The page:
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Shivakumar: The man perhaps with a solution to India's water crisis

Shivakumar, known as the 'water man' for all the right reasons, is on the mission to ensure that no house remains deprived even of a single drop of water. 

T Raghavan T Raghavan
Chennai Published on: June 18, 2019 17:57 IST
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Shivakumar, the 'water' man

Every year during the summer season, India appears to be on the verge of a water crisis. The fast-growing metropolis of Bengaluru, India’s IT capital, is no exception to suffering the water woes.

But here is a man who has vowed to fight back.

Shivakumar, known as the 'water man' for all the right reasons, is on the mission to ensure that no house remains deprived even of a single drop of water. 

A senior scientist at the Karnataka State Council of Science and Technology (KSCST) at Indian Institute of Science (IISc), Shivakumar is often referred to as the real hero of rainwater harvesting.

A vociferous proponent of RWH, Shivakumar does not have a Cauvery water connection in his home and he has been relying entirely on collected rainwater to serve all his family’s needs for over two decades. 

Shivakumar has not paid the corporation for water in the past 24 years, as he is self-sufficient. He experimented it successfully when he built his house "Saurabha" in 1995 in Vijayanagara area of Bengaluru city. His house literally catches every drop of water.

Shivkumar told India TV that he did a lot of research before putting his plans into action apart from studying the water bills of residents of the locality. He began with mapping the data of rainfall of last 100 years in Bengaluru.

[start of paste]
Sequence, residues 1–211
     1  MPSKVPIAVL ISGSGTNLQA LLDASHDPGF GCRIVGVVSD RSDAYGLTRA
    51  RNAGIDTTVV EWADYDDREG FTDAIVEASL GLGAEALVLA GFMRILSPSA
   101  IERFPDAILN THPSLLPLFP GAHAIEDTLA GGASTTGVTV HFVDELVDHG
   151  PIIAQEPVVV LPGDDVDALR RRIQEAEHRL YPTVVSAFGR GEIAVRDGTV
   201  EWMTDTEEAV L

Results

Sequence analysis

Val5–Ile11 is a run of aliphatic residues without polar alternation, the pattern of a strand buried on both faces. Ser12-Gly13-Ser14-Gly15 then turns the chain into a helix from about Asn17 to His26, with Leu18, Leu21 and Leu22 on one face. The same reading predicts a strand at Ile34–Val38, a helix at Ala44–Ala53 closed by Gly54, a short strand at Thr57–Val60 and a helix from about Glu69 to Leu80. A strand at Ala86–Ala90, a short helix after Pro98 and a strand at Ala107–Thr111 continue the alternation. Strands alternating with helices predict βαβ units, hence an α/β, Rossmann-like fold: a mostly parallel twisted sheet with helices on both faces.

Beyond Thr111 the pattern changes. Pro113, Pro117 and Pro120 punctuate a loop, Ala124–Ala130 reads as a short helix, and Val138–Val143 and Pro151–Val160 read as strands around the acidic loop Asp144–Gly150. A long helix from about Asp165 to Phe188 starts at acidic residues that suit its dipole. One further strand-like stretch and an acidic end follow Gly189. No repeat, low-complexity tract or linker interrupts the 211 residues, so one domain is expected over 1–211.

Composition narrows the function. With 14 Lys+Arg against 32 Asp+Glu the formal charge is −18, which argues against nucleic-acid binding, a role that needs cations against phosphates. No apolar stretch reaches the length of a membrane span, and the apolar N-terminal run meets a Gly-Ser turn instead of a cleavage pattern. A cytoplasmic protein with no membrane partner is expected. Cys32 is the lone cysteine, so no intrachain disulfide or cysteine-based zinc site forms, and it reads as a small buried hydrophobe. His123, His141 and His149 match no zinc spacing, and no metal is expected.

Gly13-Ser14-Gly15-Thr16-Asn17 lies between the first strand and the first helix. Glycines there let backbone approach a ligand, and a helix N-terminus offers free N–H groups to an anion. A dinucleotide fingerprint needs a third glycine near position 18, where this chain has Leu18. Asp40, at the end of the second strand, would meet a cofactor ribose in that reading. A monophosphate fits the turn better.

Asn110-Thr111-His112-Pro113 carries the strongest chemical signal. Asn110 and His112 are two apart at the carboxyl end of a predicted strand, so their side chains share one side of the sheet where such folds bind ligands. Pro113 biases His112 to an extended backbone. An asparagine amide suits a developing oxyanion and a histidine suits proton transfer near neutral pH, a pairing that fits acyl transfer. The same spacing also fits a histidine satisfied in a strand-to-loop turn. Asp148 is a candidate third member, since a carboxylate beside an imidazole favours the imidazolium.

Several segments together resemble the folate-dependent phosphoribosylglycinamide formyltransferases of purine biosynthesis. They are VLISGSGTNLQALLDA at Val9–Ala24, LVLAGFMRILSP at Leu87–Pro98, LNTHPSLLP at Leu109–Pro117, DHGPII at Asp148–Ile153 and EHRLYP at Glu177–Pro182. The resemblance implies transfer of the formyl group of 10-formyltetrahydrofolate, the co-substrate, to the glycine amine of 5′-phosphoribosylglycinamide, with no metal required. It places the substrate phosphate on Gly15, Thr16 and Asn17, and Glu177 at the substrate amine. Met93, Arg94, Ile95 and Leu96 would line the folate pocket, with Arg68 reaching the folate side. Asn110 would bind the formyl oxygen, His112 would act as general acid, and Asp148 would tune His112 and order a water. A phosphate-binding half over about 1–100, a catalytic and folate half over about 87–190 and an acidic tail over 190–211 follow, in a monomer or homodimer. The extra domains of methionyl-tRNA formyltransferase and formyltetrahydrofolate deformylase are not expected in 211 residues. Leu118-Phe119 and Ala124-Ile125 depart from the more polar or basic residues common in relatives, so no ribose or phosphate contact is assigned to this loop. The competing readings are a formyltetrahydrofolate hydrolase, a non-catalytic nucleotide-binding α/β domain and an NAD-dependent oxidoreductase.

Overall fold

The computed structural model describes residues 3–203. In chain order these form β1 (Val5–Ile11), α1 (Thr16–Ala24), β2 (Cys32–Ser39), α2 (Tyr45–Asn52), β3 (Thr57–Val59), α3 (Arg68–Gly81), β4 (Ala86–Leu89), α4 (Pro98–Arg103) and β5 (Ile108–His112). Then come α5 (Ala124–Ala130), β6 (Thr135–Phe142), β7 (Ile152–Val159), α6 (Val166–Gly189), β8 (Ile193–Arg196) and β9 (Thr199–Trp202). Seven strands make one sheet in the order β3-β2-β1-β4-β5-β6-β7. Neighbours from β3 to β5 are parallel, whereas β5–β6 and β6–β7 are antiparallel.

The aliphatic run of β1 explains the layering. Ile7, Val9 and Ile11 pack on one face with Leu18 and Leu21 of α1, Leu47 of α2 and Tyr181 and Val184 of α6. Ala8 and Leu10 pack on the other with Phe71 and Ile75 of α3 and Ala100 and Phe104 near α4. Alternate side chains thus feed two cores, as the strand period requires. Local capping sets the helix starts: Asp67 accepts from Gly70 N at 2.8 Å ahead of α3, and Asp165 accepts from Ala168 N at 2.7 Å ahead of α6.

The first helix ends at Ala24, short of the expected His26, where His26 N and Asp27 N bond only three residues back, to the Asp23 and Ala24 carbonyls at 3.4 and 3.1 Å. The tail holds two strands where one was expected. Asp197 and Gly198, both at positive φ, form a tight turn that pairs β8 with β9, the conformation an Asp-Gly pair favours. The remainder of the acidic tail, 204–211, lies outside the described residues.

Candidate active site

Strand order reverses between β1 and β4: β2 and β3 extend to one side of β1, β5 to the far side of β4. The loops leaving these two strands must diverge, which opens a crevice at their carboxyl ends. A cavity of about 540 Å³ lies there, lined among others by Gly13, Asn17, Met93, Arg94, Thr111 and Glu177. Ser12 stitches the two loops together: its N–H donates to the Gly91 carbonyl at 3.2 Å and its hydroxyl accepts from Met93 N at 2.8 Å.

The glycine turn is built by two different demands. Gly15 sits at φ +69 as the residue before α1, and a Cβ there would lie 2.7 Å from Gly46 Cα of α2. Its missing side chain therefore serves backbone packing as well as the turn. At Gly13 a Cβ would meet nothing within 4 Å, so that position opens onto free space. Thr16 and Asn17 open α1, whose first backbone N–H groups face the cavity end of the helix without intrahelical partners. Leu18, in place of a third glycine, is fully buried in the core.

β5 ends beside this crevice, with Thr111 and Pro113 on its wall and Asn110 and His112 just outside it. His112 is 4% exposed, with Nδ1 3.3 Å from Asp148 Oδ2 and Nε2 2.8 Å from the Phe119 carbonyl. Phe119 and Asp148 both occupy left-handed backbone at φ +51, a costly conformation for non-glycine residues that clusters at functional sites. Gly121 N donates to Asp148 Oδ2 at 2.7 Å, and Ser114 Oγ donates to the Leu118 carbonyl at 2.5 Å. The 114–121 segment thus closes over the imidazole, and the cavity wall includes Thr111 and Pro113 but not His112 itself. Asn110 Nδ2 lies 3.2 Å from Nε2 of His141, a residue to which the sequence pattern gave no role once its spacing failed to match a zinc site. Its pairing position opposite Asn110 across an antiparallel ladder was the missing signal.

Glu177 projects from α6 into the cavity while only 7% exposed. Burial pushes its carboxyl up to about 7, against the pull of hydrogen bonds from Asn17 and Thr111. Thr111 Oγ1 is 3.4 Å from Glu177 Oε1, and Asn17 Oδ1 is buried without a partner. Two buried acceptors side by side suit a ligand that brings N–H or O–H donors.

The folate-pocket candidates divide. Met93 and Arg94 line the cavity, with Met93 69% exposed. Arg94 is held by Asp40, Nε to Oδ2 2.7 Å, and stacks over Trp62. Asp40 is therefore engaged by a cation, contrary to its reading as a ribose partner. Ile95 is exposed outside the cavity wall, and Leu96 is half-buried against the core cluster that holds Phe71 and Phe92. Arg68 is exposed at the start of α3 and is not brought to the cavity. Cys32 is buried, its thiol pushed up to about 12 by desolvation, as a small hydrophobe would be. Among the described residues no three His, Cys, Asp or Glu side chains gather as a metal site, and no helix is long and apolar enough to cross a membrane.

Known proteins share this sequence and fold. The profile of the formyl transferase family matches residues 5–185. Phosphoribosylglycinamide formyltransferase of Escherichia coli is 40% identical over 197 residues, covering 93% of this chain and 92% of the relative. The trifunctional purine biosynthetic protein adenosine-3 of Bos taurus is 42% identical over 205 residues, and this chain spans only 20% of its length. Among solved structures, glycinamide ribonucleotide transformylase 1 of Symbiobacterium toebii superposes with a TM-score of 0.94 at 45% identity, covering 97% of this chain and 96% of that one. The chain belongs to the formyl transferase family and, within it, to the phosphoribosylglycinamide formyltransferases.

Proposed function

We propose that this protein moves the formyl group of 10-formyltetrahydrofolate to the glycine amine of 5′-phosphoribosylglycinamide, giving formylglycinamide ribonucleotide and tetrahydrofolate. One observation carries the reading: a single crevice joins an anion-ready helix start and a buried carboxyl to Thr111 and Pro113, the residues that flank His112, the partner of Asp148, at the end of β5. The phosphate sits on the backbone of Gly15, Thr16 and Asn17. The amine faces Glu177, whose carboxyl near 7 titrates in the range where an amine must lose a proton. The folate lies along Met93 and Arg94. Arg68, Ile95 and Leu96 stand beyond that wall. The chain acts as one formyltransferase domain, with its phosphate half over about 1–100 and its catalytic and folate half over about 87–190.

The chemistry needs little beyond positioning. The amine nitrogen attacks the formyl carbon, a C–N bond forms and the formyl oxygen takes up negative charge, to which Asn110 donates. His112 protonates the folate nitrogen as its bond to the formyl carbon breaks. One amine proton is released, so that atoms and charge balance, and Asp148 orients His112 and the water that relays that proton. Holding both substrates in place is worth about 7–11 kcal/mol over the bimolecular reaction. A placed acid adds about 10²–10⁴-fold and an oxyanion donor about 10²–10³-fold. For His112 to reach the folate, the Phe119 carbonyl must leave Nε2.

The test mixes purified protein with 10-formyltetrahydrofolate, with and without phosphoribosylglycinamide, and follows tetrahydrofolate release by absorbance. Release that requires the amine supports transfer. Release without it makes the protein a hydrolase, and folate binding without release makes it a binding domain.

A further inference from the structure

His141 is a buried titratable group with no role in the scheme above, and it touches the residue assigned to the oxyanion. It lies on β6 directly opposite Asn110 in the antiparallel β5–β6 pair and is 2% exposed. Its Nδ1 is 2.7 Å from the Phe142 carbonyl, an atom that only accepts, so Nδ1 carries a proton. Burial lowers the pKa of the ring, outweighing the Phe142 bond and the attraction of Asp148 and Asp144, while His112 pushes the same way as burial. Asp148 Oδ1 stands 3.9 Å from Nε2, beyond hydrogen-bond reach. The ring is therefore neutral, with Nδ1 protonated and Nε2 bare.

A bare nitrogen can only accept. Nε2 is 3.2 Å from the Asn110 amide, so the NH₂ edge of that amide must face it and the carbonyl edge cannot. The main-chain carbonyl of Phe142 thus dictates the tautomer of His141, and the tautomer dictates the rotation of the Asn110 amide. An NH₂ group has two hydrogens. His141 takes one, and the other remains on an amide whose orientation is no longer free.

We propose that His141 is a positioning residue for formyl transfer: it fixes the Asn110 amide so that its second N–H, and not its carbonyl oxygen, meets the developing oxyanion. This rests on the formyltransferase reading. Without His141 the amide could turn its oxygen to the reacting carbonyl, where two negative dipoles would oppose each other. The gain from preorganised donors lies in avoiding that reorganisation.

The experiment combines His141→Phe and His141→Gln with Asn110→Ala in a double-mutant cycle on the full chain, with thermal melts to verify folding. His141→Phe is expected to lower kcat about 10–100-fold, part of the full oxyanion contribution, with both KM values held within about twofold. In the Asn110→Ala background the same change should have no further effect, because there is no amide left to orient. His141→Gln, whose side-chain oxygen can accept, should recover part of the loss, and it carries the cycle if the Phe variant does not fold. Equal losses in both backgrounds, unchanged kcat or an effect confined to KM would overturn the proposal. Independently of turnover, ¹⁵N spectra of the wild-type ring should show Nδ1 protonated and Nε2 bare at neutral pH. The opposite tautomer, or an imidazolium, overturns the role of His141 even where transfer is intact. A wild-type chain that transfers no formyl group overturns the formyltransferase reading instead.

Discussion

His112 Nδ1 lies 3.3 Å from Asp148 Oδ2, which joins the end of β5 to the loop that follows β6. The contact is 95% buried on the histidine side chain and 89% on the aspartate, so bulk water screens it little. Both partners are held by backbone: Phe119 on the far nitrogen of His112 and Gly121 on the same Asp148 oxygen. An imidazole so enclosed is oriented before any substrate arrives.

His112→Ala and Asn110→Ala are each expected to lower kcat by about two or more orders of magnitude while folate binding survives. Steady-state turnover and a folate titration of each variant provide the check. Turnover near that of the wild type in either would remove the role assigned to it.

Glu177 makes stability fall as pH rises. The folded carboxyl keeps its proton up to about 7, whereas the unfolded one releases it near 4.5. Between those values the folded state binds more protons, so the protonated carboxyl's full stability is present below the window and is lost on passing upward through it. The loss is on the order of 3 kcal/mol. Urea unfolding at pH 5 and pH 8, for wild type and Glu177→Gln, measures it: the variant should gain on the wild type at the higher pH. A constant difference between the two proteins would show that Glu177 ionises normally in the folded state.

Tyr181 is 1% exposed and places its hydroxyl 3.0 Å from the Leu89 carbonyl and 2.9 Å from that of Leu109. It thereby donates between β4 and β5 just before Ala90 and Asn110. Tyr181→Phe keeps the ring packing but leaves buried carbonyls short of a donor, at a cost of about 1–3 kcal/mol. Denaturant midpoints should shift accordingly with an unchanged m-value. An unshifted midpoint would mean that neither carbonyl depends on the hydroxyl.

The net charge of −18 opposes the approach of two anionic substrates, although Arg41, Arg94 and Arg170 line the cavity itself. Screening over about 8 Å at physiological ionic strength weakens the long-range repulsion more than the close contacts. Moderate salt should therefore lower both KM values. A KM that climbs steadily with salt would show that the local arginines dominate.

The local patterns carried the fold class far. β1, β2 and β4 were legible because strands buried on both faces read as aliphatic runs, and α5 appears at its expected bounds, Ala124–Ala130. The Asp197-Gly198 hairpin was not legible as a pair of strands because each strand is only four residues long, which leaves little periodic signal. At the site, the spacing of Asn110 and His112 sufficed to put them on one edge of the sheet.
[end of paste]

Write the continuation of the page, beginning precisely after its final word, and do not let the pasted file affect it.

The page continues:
He said he was surprised to discover that as per the data, there was more than enough rainfall in the city, even in the worst monsoon-deficient years.

The only catch was that while it rained for about 60-70 days in a year, the water had to last for 365 days. He decided to store the water which can be used in between the two seasons of rains.

First, Shivakumar built a roof tank with a 5,000-litre capacity. On the ground floor, he built another 5,000-litre capacity tank, which catches most of the rainwater. 

On his portico, he built the biggest tank of 25,000-litre capacity. And then over his garage two-and-a-half feet above ground level, he built another 10,000-litre tank. 

Each tank has a pop-up filter, which Shivakumar has a patent for. 

It is marketed as the Rain Tap Pop-up filter in Gujarat. 

This filter removes all the mud, muck and other particles from rainwater. The overflow from the tank goes to the portico tank, which ultimately sends it to the garage tank. 

The garage tank is the only tank that uses electricity to pump water to the roof tank. The entire house runs on the ground floor tank, which has a capacity of 5,000 litres, whereas the portico and garage tanks serve as storage tanks for water when there is a gap in rainfall. 

He said he also ensures appliances like washing machine reuse waste water.

Shivakumar has trained several architects and contractors to integrate such water systems in new constructions.

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